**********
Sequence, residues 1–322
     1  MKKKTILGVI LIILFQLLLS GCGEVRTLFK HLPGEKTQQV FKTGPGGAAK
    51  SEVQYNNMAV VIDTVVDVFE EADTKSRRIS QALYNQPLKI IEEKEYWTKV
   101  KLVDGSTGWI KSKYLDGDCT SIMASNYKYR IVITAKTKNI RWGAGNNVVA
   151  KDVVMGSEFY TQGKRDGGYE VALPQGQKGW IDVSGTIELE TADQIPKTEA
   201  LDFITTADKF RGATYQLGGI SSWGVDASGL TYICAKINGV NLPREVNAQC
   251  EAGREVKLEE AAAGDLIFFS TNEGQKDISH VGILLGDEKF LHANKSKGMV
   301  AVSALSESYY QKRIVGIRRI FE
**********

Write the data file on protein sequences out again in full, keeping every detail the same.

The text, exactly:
Sequence, residues 1–322
     1  MKKKTILGVI LIILFQLLLS GCGEVRTLFK HLPGEKTQQV FKTGPGGAAK
    51  SEVQYNNMAV VIDTVVDVFE EADTKSRRIS QALYNQPLKI IEEKEYWTKV
   101  KLVDGSTGWI KSKYLDGDCT SIMASNYKYR IVITAKTKNI RWGAGNNVVA
   151  KDVVMGSEFY TQGKRDGGYE VALPQGQKGW IDVSGTIELE TADQIPKTEA
   201  LDFITTADKF RGATYQLGGI SSWGVDASGL TYICAKINGV NLPREVNAQC
   251  EAGREVKLEE AAAGDLIFFS TNEGQKDISH VGILLGDEKF LHANKSKGMV
   301  AVSALSESYY QKRIVGIRRI FE